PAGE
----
Tuesday, June 16, 2009
A determined shopkeeper with penny candy
By Colleen Nelson
GREENSBORO, Pa. – Betty Longo's storefront windows are filled with
baskets, crocks, red geraniums and pale African violets.
Step inside her shop on Front Street in Greensboro, Pa. Penny candy, ice cream and fresh milkshakes await you.
This tiny borough along the Monongahela River is well on its way to becoming a tourist destination. Meet the woman who helped make it happen.
"Some people call me the town historian and I guess that's true," Longo, 83, admits, while rummaging on a shelf for a copy of the book she loves to show visitors.
Her book, "Memories of Greensboro, Pennsylvania: A People's History," published in 2007, is full of old photographs of Greensboro in its heyday as a 19th century pottery town. It includes newspaper articles, chapters from old books and federal historical registry listings. But, it is the people's history section, written by Longo from her own life and times, and from interviews of friends and neighbors, that tells what it takes to keep a town alive.
"My husband Jim and I bought the store in 1953. I got interested in history in 1955 when I found a ledger in the attic that belonged to Alexander Van Boughner. He owned this store and had a pottery business, too."
The ledger starts in 1883 and fills hundreds of pages with lists of what people bought, how much Van Boughner paid his workers and what got shipped on the river.
"It fascinated me and I wanted to learn more. So I started asking my neighbors because I saw so many of their family names listed."
Greensboro in the 1950s was full of families whose husbands and fathers worked on Lock Seven, or in nearby mines, Longo remembers. These were good times, when people got together to create Mon View Park, complete with a swimming pool and roller skating rink for the kids.
Longo was in the thick of it and her store became the place to gather.
"Every morning I got up at 5 a.m. and made nut rolls, cinnamon rolls, pies and cake to eat with coffee. At night people came in and drank coffee and talked, sometimes till 11 o'clock. My little one would come over from the house and fall asleep on the magazine rack. I didn't have enough sense to say I was closed."
But times were changing. Mines shut down and families moved. But the Longos stayed to raise three children and the store stayed open.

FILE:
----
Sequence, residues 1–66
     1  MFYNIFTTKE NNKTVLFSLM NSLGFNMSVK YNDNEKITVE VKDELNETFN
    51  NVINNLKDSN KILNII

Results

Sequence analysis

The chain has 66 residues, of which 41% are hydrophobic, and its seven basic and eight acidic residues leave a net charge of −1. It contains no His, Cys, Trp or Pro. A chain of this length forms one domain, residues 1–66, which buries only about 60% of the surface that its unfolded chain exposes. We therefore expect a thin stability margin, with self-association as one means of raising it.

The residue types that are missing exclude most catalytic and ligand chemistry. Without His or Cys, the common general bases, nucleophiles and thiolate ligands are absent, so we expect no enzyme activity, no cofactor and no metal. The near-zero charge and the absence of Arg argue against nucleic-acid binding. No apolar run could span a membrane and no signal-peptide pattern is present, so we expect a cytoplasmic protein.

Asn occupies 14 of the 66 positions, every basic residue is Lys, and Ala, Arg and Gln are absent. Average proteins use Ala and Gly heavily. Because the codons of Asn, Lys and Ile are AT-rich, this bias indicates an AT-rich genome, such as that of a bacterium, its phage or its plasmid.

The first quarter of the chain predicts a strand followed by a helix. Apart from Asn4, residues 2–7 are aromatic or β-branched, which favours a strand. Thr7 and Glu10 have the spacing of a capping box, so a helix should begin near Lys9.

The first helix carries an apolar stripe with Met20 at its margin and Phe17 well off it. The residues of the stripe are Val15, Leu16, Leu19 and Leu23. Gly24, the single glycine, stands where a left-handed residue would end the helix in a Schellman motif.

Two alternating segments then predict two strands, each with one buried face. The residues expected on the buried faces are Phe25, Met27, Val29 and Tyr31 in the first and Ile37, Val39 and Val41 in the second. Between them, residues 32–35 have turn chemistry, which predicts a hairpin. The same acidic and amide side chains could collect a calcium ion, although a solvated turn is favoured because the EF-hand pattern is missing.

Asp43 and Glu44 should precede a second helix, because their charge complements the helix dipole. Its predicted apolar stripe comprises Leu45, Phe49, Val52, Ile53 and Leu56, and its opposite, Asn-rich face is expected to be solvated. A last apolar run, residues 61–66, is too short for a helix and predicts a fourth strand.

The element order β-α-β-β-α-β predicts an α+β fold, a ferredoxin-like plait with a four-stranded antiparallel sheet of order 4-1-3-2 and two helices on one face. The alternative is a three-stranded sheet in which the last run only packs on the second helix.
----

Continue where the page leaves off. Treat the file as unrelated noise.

When Lydia Aston, a nurse advocate for rural health issues in West Virginia, bought the historic Reppert/Gabler House at the river's edge in 1975, Longo recognized a kindred spirit.
"She came into my store one day and asked me if I knew any place where we could build a clinic. I told her to talk to the people at the Monon Center and that got the ball rolling. That's how we got the Cornerstone Care clinics started."
When Lock Seven was removed in 1986, the water level in that stretch of the river rose 15 feet. The U.S. Army Corps of Engineers declared the riverfront a higher flood plain, and in 1992, it began making plans to condemn all the buildings there, including Aston's historic home.
"We were all upset and had a lot of meetings at the fire hall but people were afraid. They really didn't know what to do. It was Lydia Aston who stood up to the Army Corps of Engineers and refused to let them condemn all those houses. She got me involved with talking to lawyers, going to court, all of that. She knew who to call and she never gave up. Lydia saved a lot of our history. We lost some houses, but the Corps fixed six of them and returned them to the borough and now we rent them. It's a wonderful story. I kept records and it's all in the book."
In 1992, Longo helped found the Nathanael Greene Historic Foundation, a non-profit organization that promotes the history of Greensboro and funds walking trails, community improvement projects, festivals and conferences.
Longo is still in the thick of it. And she still has an eye for a kindred spirit.
When borough council needed a new member, Longo began knocking on doors. Mary Shine's well-tended house caught her eye and Longo bided her time until Shine retired from teaching.
"I told her, 'If you want to keep this a beautiful town, you'd better get on the council.' Now look at her. She really knows how to get things done. It takes people who are committed to care for a community."
(Colleen Nelson is freelance writer and artist in Holbrook, Pa. She teachers creative writing at Bowlby Library in Waynesburg, Pa. Reprinted from Living in Greene County magazine, a publication of the Observer-Reporter)